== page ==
Production of gold 198/199 nanoparticles for potential use in cancer radio therapy [abstract]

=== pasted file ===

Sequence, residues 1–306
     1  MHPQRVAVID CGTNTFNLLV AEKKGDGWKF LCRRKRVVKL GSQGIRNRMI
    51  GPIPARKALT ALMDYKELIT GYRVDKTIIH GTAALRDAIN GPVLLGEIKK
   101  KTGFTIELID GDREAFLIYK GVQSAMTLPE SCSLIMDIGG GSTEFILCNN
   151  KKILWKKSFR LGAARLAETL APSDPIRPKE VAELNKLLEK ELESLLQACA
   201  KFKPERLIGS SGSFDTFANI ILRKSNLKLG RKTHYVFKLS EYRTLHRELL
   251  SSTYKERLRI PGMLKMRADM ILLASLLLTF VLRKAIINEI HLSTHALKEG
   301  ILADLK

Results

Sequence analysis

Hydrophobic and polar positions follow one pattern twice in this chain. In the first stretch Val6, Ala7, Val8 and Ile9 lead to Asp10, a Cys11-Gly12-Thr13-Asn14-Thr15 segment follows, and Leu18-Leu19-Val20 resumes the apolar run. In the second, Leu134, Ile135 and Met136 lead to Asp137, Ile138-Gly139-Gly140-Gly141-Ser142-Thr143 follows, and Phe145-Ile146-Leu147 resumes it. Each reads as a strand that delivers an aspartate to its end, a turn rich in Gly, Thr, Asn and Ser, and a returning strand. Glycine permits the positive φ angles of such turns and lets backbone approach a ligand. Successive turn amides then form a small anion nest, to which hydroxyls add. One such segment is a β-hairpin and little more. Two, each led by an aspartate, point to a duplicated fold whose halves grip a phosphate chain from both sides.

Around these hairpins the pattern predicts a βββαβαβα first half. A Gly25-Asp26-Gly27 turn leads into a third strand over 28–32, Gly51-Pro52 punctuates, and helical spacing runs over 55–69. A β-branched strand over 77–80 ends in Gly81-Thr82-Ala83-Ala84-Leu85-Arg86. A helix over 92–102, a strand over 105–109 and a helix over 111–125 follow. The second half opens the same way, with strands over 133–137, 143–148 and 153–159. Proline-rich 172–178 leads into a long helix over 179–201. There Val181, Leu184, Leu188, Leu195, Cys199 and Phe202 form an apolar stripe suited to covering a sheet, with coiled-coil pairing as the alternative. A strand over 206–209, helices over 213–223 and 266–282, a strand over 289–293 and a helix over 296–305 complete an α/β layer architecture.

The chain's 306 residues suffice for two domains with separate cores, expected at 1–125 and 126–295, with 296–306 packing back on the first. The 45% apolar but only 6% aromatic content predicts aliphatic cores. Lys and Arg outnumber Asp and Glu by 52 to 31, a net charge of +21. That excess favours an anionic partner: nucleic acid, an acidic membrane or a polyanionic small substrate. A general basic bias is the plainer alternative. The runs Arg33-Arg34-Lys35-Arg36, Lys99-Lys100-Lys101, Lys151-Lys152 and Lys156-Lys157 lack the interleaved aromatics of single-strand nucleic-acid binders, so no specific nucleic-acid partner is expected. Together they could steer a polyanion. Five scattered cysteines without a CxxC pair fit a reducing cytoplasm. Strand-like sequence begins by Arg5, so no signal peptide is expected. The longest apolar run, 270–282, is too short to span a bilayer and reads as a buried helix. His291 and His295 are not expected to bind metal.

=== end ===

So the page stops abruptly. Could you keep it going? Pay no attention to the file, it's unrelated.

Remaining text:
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Radiopharmaceuticals are used for the imaging and treatment of many kinds of cancer i.e. bone cancer and non-Hodgkin's lymphoma. A radiopharmaceutical consists of a targeting molecule that selectively targets certain tumors. The targeting molecule is labeled with a radioactive atom(s) that delivers a dose of radiation to the tumor. The purpose of this project is to develop a method of preparing stable radioactive Gold nanoparticles for potential radio therapeutic applications. The radioactive properties of Au-198 (- = 0.96 MeV; = 411 KeV) and Au-199 (- = 0.45 MeV; = 158 KeV) with their beta (therapeutic) and gamma (imaging) emission make them valuable candidates for both therapeutic and imaging applications. Because of the number of radioactive atoms present in a nanoparticle a much bigger dose will be delivered to the tumor than conventional methods. It is also known that tumor tissues have an enhanced permeability leading to increased cellular uptake of particles up to 400 nm in diameter. This makes Gold nanoparticles an attractive option with diameters less than 100 nm enabling dose delivery directly to the cancer cell. Such delivery methods could improve selectivity by increasing the dose concentration absorbed by the tumor versus other tissues, thus reducing potential side effects. Gold foil was irradiated for five seconds at a flux of 8 x 10 n/cm/s. The foil was dissolved in aqua regia with heating and taken to dryness. The complex was reconstituted in 0.05N HCl to form HAuCl4-. Arabica gum or starch were added to the solution as stabilizers followed by a reducing agent, THPAL containing a phosphine alanine conjugate. The addition of the reducing agent resulted in a color change from yellow to a deep violet. The final solution was analyzed using spectrophotometery to determine formation of the nanoparticles. Initial data suggests that the nanoparticles are stable at room temperature in aqueous solution.